Windows


Joe and Jorge posted these back in 2005 and 2006, but they’re impossible for me to find in Google lately, possibly because of age:

http://blog.joeware.net/2005/07/17/48/

http://jorgequestforknowledge.wordpress.com/2006/01/05/creating-a-taskpad-and-delegating-several-admin-tasks/

In order to move an object in DS, you need the following three permissions:
1) DELETE_CHILD on the source container or DELETE on the object being moved
2) WRITE_PROP on the object being moved for two properties: RDN (name) and
CN (or whatever happens to be the rdn attribute for this class, i.e. ou for
org units).
3) CREATE_CHILD on the destination container.

Dmitri Gavrilov
SDE, Active Directory Core
This posting is provided “AS IS” with no warranties, and confers no rights.
Use of included script samples are subject to the terms specified at

http://www.microsoft.com/info/cpyright.htm

But, what, specifically does that mean?

  1. To provide these rights, after delegating control for the Creation and Deletion of the object (Computer/User/etc.), open ADSIEDIT.MSC and navigate to the OU in question.
  2. Right-click the OU and choose “Properties”
  3. Click on the “Security” tab.
  4. Click the “Advanced” button.
  5. Click the “Add” button to add a new security right.
  6. Enter the group you want to delegate the control to and click “OK”
  7. Choose the “Properties” tab.
  8. In the pulldown, choose “Descendent Computer Objects”
  9. Grant:
  1. Read and Write canonicalName
  2. Read and Write name
  3. Read and Write Name

Many are the times we’ve run into DNS configuration problems with Microsoft AD.  After being asked for advice a few more times than normal this year, I’ve pulled together several emails for this list of “Troubleshooting Microsoft AD-integrated DNS” highlights below.  We’ll first cover the generic topics of checking the configuration of your server configuration,  then the configuration of the zones themselves. For each topic, we’ll do a checklist followed by an explanation.

Server configuration:

Checklist

  1. Is the server (Windows 2003 or higher) pointing to itself for primary DNS in the network configuration?
  2. If a standalone DC: Does the server have *no* secondary DNS in the network configuration?
  3. If there are multiple DCs: Does the server list only other DCs in the secondary DNS server list in the advanced network configuration?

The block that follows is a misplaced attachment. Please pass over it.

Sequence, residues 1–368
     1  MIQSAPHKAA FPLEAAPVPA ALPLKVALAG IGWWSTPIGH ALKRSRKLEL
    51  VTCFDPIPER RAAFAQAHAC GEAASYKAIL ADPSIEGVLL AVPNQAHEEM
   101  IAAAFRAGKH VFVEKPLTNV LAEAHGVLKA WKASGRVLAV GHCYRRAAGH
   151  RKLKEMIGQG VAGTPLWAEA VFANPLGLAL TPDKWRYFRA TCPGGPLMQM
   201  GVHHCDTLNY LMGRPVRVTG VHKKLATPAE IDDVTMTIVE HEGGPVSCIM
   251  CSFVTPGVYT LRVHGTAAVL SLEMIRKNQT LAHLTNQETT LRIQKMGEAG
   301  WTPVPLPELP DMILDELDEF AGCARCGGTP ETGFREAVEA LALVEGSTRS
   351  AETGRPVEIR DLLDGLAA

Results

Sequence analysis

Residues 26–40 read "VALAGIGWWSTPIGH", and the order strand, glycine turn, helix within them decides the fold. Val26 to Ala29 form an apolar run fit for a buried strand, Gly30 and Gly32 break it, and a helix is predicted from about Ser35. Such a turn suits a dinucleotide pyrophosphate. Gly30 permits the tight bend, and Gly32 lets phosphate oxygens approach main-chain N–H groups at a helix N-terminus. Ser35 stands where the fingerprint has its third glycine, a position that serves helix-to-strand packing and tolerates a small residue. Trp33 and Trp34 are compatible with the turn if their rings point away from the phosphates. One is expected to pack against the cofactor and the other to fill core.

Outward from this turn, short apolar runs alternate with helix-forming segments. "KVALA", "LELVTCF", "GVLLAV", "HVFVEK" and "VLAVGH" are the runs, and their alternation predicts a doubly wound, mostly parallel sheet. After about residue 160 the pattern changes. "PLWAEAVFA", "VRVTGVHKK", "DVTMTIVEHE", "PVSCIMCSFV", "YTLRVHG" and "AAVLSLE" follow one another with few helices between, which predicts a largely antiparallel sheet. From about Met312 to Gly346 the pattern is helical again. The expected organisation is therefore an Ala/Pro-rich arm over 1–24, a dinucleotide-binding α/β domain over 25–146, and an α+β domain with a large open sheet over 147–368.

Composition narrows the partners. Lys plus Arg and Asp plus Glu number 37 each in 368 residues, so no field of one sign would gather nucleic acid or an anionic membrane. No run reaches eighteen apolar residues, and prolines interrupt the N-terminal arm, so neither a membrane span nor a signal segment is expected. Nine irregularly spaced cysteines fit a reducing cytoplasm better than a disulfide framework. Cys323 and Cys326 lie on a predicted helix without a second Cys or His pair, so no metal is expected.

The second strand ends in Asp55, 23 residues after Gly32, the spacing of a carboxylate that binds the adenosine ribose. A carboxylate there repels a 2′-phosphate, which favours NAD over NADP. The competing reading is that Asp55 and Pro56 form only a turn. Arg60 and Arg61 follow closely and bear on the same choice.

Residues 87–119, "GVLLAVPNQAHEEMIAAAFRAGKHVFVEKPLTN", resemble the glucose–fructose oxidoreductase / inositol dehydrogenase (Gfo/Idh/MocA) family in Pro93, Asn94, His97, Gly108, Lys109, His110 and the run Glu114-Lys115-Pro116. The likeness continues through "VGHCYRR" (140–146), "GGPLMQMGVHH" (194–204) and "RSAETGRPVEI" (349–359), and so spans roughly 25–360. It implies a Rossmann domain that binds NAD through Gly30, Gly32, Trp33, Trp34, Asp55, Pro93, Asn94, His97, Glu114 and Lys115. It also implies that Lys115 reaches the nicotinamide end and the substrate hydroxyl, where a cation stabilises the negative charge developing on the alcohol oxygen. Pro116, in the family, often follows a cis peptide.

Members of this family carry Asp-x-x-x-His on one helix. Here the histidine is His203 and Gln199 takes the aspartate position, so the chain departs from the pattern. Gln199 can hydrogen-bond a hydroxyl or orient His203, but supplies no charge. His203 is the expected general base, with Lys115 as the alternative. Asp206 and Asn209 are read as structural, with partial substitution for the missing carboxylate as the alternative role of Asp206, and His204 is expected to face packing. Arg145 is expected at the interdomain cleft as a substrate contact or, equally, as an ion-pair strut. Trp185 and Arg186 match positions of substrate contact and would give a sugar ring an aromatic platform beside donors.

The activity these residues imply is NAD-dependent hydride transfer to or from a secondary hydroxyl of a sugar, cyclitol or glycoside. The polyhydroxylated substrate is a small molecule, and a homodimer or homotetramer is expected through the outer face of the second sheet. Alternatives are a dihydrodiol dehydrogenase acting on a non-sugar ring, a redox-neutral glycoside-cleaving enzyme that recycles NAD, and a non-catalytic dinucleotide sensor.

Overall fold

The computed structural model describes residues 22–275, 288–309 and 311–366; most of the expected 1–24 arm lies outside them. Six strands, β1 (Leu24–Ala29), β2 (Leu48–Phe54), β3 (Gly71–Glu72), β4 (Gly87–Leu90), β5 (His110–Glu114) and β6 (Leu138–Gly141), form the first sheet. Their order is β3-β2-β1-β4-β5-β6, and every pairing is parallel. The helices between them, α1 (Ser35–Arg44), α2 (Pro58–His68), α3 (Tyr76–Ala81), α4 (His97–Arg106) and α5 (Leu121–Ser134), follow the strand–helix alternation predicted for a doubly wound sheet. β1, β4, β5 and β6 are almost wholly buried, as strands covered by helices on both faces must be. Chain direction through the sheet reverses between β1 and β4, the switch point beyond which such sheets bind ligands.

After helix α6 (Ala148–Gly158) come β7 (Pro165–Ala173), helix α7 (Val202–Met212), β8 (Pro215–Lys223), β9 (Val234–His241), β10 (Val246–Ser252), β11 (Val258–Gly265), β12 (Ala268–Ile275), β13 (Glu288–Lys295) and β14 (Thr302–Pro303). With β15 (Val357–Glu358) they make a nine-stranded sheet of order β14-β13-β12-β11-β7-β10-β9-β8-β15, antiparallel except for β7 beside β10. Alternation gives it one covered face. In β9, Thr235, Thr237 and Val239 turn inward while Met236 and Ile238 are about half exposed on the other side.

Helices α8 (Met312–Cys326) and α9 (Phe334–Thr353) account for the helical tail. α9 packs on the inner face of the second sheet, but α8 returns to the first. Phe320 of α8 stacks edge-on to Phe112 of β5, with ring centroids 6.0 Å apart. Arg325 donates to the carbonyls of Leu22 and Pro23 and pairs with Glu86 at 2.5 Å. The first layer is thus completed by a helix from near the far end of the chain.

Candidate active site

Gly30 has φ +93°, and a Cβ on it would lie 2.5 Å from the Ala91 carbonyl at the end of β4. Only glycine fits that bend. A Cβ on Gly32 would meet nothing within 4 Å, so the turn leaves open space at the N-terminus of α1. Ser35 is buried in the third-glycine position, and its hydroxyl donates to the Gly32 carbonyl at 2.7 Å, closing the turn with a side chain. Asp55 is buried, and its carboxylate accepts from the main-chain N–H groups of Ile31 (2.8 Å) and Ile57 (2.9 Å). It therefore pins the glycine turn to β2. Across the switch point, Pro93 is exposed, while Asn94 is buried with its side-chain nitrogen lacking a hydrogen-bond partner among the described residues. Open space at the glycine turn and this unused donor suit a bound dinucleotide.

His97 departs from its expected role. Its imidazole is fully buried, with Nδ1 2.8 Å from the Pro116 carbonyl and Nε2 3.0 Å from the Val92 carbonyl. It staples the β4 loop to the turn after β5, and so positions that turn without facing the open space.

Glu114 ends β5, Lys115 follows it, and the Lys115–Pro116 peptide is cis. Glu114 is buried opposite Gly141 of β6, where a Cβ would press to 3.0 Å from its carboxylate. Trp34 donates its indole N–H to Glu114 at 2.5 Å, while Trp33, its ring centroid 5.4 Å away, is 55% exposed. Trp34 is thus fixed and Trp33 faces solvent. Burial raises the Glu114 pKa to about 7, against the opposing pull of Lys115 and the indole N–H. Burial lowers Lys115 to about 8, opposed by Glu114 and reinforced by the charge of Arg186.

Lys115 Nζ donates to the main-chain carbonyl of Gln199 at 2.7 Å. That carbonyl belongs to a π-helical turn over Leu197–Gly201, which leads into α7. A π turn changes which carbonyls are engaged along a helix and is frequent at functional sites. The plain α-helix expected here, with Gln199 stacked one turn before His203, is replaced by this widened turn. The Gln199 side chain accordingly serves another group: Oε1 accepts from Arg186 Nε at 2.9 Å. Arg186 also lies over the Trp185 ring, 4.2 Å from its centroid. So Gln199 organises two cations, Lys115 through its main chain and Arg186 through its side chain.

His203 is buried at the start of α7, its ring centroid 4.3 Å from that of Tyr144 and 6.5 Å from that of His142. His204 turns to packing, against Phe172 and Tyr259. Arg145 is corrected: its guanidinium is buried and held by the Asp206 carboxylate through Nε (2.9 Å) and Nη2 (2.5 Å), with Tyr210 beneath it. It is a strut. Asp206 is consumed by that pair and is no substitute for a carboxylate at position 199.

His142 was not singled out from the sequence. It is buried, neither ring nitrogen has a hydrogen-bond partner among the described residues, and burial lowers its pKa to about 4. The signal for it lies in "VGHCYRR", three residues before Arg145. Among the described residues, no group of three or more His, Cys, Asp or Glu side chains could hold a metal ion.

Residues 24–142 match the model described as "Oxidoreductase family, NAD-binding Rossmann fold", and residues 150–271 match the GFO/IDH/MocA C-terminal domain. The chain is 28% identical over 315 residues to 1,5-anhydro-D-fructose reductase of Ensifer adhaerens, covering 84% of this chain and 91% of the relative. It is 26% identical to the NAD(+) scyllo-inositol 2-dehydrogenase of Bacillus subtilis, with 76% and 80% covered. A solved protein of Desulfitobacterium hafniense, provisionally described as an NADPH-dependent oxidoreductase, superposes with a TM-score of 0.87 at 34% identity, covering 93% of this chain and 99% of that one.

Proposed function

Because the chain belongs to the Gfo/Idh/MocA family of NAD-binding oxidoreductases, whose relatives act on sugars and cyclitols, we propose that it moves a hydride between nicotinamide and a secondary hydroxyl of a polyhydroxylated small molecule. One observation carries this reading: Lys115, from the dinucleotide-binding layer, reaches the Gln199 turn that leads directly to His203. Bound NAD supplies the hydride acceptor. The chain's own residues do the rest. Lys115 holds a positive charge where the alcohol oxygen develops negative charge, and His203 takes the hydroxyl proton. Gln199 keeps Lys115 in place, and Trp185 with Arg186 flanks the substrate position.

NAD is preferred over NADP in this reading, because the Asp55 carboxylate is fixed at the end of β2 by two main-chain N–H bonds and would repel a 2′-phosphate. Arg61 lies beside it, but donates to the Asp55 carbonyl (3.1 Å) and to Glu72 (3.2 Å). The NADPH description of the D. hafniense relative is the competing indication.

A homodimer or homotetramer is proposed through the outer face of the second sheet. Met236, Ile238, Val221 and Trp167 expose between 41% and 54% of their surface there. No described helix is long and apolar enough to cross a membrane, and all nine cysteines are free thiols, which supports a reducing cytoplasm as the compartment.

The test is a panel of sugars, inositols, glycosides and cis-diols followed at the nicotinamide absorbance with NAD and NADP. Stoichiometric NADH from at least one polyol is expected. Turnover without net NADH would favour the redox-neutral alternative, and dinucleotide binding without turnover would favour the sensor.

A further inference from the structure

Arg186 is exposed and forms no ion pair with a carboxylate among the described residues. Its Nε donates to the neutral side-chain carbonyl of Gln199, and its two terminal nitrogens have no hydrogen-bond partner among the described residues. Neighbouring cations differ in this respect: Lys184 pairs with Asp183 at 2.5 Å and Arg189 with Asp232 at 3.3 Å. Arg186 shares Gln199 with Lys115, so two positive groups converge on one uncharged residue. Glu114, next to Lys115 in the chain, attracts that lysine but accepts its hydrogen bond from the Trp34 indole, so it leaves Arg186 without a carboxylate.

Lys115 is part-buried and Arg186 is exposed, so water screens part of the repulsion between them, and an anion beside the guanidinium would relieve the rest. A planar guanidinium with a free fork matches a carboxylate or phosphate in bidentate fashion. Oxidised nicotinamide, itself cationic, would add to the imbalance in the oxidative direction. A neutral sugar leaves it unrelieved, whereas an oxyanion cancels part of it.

4. Does the server have proper forwarders in the DNS server configuration (to the parent domain or to the ISP, but not both)?
  5. In a command prompt, run the following:
    ipconfig /registerdns
    net stop netlogon
    net start netlogon
  6. Read DNS and System logs to make sure there are no issues being reported.
  7. wait 20 minutes

Explanation

One of the major problems we run into is that customers will put the ISP DNS servers in the network configuration on the DC, not in the DNS Forwarders list in the DNS Server configuration.  The DC *is* a DNS server.  It needs to talk to itself, so that it can register crucial DNS settings in its own database.  If its own database can’t find the information requested (such as www.google.com), then the DNS Server service is responsible for looking that data up, and then caching it so that it’s readily available for other clients, too.  This misconfiguration also has the problem of generating DDNS update requests back to the ISP DNS servers, which are ignored at best, and a security leak at worst (like for military/government installations).

I like to tell my Unix customers “the first rule of administering Active Directory is to go get another cup of coffee.” This forces them to take their hands off the keyboard and wait for cross-site replication (hopefully) before making another change.  It’s a good reminder for the seasoned Windows admins, as well.

Zone Configuration

Reverse Lookup Zones

We’ll cover reverse lookup zones before forward lookup zones, for two reasons: 1) customers screw up reverse lookup configuration much more often than forward lookup configuration ; 2) no SRV records in Reverse zones (normally).

Checklist

If you have non-Microsoft DNS servers or multiple AD domains in your environment

  1. Does the server have reverse DNS zones defined?
  2. Does any *other* server (in the DNS Forwarders configuration list) have the same reverse DNS zone defined?
  3. Do the defined reverse zones allow “unsecured dynamic updates”?
  4. Are all IP subnets in your network defined as reverse DNS zones on the primary DNS servers (the last forwarders in the network before the ISP)?
  5. Do you have aging and scavenging turned on in the server settings?  If so (you should), do you have all clients automatically renewing their records (Windows clients will by default)?

If you only have a single AD domain, or no non-Microsoft DNS servers

  1. Does the server have reverse DNS zones defined for all IP subnets (including IPv6) in your network?
  2. Do those reverse DNS zones allow dynamic updates?
  3. Is aging of old records enabled with sane no-refresh and refresh values  in the reverse zones?

Explanation